3 EU Framework on National Strategies for Integration of Roma until 2020, Brussels, 05.04.2011, COM (2011) 173.

http://ec.europa.eu/justice/policies/discrimination/docs/com_2011_173_en.pdf

                                                                                                                                       5
paperwork. The need for providing housing continues to exceed the budget available and, therefore,
it is necessary to establish priorities for cases of providing housing assistance.
For each of the four strategic fields, one strategic objective has been set. Each strategic objective has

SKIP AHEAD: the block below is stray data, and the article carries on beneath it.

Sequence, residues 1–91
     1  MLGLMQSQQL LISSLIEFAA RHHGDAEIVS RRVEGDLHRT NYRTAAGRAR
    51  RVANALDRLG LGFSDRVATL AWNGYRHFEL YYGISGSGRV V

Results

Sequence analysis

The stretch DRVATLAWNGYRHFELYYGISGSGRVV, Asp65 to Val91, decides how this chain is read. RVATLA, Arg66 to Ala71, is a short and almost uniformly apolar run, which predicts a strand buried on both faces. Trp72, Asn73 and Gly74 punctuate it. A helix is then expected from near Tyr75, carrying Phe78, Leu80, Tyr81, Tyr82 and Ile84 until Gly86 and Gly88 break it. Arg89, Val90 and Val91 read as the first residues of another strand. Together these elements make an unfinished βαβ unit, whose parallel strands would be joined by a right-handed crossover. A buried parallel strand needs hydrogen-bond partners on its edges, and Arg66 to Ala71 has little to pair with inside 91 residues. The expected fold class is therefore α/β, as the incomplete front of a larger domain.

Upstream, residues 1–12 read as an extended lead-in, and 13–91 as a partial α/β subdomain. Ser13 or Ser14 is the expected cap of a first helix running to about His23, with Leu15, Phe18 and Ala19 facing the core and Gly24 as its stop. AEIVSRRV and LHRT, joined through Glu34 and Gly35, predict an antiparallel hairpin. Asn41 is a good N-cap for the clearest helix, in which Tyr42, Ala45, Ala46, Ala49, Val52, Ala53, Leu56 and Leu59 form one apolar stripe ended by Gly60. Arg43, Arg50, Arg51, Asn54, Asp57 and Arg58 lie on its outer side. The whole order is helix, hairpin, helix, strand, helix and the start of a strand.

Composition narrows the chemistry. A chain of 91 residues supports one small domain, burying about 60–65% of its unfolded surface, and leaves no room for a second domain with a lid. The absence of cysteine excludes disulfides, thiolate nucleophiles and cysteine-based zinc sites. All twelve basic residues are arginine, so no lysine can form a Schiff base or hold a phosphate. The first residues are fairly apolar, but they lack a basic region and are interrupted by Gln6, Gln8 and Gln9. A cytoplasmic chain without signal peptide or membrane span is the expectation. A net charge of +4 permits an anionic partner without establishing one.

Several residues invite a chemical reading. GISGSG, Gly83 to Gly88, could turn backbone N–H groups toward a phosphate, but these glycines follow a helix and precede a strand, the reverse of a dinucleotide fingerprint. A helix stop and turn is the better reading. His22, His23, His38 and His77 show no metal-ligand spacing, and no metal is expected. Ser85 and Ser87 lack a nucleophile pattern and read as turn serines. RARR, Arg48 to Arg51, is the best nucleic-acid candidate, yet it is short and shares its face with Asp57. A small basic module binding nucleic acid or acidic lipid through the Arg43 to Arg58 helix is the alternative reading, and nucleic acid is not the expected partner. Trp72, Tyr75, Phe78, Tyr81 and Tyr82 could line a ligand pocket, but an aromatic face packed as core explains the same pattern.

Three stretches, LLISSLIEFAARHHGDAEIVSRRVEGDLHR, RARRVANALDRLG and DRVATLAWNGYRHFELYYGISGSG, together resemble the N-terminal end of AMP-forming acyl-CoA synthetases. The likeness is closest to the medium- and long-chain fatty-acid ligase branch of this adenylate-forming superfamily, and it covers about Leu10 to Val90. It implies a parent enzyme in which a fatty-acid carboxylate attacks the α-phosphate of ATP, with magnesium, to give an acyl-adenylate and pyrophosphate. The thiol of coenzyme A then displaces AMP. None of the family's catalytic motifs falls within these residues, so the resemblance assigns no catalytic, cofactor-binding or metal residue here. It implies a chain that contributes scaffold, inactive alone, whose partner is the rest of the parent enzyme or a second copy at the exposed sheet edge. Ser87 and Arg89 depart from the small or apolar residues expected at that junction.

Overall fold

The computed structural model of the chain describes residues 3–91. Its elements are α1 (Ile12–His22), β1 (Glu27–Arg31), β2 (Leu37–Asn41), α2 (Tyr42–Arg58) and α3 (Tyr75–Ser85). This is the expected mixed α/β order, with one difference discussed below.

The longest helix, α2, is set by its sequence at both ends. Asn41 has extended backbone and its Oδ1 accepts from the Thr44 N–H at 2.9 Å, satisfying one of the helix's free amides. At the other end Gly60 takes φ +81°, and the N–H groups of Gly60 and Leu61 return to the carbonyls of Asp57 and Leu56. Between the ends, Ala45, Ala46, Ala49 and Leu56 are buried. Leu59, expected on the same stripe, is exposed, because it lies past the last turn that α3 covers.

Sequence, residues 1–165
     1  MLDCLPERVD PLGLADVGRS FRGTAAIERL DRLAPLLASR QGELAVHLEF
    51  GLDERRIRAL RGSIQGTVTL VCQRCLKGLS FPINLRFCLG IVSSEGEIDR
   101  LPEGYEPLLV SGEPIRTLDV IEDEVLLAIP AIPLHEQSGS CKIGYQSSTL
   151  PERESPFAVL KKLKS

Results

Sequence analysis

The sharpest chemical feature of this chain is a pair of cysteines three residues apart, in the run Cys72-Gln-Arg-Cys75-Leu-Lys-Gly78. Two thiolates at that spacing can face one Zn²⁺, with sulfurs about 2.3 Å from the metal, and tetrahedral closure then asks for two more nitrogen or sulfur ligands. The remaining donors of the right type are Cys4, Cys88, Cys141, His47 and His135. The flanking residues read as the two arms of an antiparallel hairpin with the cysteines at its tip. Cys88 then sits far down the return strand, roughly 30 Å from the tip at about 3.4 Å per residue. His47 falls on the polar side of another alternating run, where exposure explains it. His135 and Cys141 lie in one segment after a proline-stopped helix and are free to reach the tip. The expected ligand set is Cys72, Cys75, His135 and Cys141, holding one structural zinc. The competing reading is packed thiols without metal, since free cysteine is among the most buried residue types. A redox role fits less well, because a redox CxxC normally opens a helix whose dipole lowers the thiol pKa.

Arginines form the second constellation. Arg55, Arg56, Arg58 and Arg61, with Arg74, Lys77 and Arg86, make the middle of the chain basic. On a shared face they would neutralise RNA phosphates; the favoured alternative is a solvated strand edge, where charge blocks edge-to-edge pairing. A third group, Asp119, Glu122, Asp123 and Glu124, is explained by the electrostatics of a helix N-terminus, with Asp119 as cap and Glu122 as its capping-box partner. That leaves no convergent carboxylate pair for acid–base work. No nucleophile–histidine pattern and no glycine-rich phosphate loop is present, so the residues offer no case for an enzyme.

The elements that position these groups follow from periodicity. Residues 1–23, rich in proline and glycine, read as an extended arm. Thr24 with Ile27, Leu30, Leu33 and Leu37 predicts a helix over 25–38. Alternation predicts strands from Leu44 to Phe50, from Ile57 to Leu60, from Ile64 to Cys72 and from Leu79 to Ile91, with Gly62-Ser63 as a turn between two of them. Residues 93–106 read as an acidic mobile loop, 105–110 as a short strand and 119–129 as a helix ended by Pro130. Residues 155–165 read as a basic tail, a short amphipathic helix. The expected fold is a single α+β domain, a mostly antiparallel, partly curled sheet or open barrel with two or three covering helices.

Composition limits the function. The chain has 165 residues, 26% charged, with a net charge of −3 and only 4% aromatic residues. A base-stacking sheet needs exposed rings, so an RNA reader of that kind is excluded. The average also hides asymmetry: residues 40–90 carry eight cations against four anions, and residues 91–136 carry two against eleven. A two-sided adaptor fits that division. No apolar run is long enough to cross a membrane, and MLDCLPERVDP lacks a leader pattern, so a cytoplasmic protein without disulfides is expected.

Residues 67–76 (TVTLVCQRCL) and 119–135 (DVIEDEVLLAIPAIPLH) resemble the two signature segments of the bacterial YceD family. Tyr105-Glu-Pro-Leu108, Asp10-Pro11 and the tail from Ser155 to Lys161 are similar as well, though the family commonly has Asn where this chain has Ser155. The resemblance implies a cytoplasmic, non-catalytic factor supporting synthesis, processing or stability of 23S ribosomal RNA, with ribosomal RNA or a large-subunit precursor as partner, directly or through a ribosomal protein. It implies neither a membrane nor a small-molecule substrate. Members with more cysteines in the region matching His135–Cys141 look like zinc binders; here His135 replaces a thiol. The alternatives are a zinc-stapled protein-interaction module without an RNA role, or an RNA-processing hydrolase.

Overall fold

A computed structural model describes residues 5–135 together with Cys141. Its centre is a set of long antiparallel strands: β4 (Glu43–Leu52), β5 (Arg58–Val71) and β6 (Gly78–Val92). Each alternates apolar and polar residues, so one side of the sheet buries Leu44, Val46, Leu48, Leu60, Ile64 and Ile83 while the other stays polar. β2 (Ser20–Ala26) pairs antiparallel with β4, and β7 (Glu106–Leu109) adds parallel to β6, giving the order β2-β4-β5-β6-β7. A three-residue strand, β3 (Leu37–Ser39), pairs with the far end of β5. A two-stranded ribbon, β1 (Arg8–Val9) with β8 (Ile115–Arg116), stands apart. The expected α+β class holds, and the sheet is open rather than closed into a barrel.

been broken down to expected outcomes, which were further translated into measures and
activities. The table below gives an outline of the strategic objectives and expected outcomes
organized by intervention fields

                                                                                                       6
Fields         Strategic objectives                                       Activities                                                 Expected outcomes

Education          Increase inclusion and     •   Incentivizing attendance in pre-school education.                          •   Improved participation in education of the
                  provide opportunities for   •   Drafting action plans for the prevention of drop-outs and non-                 members of the Roma and Ashkali
                   personal development,          enrollment in all municipalities.                                              communities.